Sydney residents were evacuated from their Mascot Towers homes in June after cracks appeared in their walls, in an incident that echoed Christmas Eve’s Opal Tower evacuation in Sydney’s Olympic Park area.
The images of confused residents milling outside the troubled towers with pets and belongings in their arms have come to represent New South Wales’ high-rise housing crisis.
Nearly all (97 per cent) of new high-rise apartment buildings in NSW have some form of structural defect, a report from Deakin University released in June found.
It’s a situation executive officer of the Owners Corporation Network Karen Stiles described as a “quiet haemorrhaging”.
And according to realestate.com.au chief economist Nerida Conisbee, one that will have long reaching implications.
“It is a really big unknown, because we don't really know whether the issues can be resolved,” she told Yahoo Finance.
“There's a reputation issue in terms of people's view about buying off-the-plan, and we have seen a big drop off in activity in that space.”
Additionally, such widespread flaws - and widely publicised evacuations - have the power to dent confidence.
“If people lose a lot of confidence in this type of housing, what does that mean for us? If people are showing a distinct preference for single dwellings, do we continue to just expand the boundaries of our city because people lose confidence?” Conisbee said.
“Longer term, we do need more housing in Australia.”
According to RiskWise Property Research CEO Doron Peleg, the uncertainty around cladding problems - alleged to have caused the Grenfell Tower fire in London which killed dozens - in addition to broader building defects could cost “billions and billions of dollars”.
He warned that the high-profile Mascot and Opal Towers issues have caused significant reputational damage across the entire industry, and that it is “highly likely” that demand for units will “well and truly” drop.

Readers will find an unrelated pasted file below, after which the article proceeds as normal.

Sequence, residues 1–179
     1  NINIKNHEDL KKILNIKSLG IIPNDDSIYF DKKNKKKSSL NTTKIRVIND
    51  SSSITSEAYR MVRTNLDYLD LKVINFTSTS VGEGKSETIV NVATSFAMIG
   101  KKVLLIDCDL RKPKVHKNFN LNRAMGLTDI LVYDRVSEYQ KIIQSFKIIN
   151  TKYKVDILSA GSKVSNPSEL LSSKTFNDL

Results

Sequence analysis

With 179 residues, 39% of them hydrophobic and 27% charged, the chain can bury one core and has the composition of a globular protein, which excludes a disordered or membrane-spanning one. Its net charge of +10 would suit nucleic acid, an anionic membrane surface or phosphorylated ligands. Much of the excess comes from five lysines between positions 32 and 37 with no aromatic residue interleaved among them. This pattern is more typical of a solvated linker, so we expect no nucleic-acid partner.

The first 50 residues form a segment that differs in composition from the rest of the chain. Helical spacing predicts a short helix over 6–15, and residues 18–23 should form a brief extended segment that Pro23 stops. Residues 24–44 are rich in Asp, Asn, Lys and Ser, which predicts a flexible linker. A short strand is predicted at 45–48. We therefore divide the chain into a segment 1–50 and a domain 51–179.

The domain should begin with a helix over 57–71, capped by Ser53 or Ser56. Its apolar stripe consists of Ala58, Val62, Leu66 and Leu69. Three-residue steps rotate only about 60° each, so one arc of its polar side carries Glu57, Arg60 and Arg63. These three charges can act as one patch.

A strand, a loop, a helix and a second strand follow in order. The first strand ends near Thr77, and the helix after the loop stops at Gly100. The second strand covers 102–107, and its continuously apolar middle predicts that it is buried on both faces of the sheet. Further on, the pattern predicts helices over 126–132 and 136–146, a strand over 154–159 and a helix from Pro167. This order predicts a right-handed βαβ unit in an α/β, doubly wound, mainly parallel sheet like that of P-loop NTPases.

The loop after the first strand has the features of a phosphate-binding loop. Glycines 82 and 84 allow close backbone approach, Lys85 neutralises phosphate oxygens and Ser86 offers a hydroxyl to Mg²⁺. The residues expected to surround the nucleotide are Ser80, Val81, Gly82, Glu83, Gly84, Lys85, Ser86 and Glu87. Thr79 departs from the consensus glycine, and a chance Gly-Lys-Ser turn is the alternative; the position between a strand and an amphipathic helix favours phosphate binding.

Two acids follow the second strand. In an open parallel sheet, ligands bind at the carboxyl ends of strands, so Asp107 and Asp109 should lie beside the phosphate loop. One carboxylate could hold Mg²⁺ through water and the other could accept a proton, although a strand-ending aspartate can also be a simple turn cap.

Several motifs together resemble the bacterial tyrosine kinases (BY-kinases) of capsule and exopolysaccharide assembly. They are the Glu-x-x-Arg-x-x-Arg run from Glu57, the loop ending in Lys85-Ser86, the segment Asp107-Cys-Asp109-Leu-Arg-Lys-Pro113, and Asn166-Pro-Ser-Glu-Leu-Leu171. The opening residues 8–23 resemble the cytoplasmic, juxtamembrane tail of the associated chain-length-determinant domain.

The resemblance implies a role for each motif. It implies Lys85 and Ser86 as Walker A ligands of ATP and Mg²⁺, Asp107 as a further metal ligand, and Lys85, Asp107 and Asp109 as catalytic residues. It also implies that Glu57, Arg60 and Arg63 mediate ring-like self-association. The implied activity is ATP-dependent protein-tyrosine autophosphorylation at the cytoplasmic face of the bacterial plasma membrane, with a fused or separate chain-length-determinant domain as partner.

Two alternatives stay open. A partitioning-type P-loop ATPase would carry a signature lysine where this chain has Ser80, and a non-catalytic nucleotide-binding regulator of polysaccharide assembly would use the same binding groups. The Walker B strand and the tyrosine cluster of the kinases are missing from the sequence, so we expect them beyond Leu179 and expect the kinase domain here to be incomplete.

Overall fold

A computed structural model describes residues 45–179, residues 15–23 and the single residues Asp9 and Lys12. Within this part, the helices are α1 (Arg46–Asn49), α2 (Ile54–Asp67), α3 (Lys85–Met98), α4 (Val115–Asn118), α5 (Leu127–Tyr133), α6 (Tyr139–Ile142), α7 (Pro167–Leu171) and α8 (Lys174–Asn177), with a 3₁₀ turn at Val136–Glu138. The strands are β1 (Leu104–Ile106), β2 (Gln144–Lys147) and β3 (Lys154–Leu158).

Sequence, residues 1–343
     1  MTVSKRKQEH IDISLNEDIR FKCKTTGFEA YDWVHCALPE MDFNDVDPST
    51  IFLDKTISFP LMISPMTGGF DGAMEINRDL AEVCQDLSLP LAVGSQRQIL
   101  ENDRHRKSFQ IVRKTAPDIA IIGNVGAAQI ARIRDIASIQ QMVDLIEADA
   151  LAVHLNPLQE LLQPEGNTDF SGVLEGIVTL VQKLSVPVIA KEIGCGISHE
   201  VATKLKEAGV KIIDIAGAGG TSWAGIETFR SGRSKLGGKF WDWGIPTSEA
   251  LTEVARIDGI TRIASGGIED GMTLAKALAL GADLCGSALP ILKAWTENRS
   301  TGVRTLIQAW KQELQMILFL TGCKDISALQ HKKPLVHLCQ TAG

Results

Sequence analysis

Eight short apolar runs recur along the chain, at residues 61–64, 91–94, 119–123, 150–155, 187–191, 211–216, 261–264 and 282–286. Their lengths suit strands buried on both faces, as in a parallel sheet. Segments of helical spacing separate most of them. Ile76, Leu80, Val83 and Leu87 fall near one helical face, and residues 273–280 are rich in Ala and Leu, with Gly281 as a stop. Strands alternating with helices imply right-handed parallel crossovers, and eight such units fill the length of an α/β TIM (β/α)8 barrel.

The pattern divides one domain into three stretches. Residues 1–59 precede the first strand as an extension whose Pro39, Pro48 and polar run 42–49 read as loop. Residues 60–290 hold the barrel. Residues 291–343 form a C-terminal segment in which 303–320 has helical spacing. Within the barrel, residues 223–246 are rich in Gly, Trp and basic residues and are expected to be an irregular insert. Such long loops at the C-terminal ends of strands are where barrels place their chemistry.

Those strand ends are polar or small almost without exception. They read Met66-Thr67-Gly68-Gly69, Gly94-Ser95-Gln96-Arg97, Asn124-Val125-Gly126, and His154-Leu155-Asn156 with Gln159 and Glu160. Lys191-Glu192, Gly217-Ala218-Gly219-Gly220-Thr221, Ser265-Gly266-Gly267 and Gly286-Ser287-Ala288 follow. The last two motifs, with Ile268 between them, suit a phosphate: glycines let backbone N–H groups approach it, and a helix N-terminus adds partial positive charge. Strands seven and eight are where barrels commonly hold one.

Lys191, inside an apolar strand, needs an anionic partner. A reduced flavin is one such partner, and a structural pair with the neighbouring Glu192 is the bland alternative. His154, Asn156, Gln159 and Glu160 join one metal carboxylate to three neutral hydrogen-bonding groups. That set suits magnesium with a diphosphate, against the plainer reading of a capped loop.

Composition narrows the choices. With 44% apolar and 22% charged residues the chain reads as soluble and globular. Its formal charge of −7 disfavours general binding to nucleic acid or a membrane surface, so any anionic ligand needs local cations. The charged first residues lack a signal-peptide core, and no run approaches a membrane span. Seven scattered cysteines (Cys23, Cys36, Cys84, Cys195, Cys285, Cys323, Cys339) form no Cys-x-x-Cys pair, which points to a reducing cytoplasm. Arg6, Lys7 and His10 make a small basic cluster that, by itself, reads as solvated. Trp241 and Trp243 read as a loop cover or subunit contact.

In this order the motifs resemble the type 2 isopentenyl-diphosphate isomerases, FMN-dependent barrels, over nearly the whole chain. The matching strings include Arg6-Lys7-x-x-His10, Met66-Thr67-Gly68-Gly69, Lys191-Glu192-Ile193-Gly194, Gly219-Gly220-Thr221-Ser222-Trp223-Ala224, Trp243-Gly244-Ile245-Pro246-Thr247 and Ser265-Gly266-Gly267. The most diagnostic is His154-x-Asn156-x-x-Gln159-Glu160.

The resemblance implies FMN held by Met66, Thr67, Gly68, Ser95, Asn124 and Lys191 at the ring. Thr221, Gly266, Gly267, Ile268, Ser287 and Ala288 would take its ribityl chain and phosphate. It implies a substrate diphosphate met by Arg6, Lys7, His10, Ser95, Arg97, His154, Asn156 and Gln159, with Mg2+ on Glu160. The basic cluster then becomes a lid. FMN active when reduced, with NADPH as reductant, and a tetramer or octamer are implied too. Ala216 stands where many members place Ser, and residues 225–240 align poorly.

“The typical buyers often struggle to understand the quality of the development and might chose instead of avoid exposure to such investments,” she said.
“If you combine these recent quality issues with financial losses from investment in high-rise units, this could amount to a permanent structural change in this demand for units in high-rise buildings.”
“We already have significantly reduced levels of demand due to restrictions on foreign investors, credit restrictions, banks refusing to loan to self-managed super funds and local investors looking elsewhere.”
“Add to that the high level of unit oversupply and it’s possible to see how structural changes could occur in a sense that the overall demand for off-the-plan dwellings will shift from units to house-and-land packages.”
Accessing finance could also become more tricky as lenders clamp down on risky apartment dwellings, and according to the Housing Industry Association, sales for off-the-plan properties were already down 16.4 per cent in the three months to January than they were the previous year.
Conisbee suspects there will be two responses to the high-rise challenges.
While some people will be drawn away from purchasing prices, many will still be unable to purchase typically more expensive standalone houses. This group of people may, in turn, begin seeking properties further outside the city, although this will also be curtailed by lifestyle difficulties that may come with living far outside the city.
“I think there's a lot of competing factors that will change pricing, but ultimately with house prices, the biggest factor that influences house prices is supply,” she said.
“If you don't get the levels of supply at a point which matches the number of people that are choosing to live in Sydney or Melbourne, then that's when we really start to see price pressure.”
The latest housing figures from CoreLogic show dwelling values in Sydney and Melbourne in June increased by 0.1 per cent and 0.2 per cent respectively - the first monthly increases in values since 2017.
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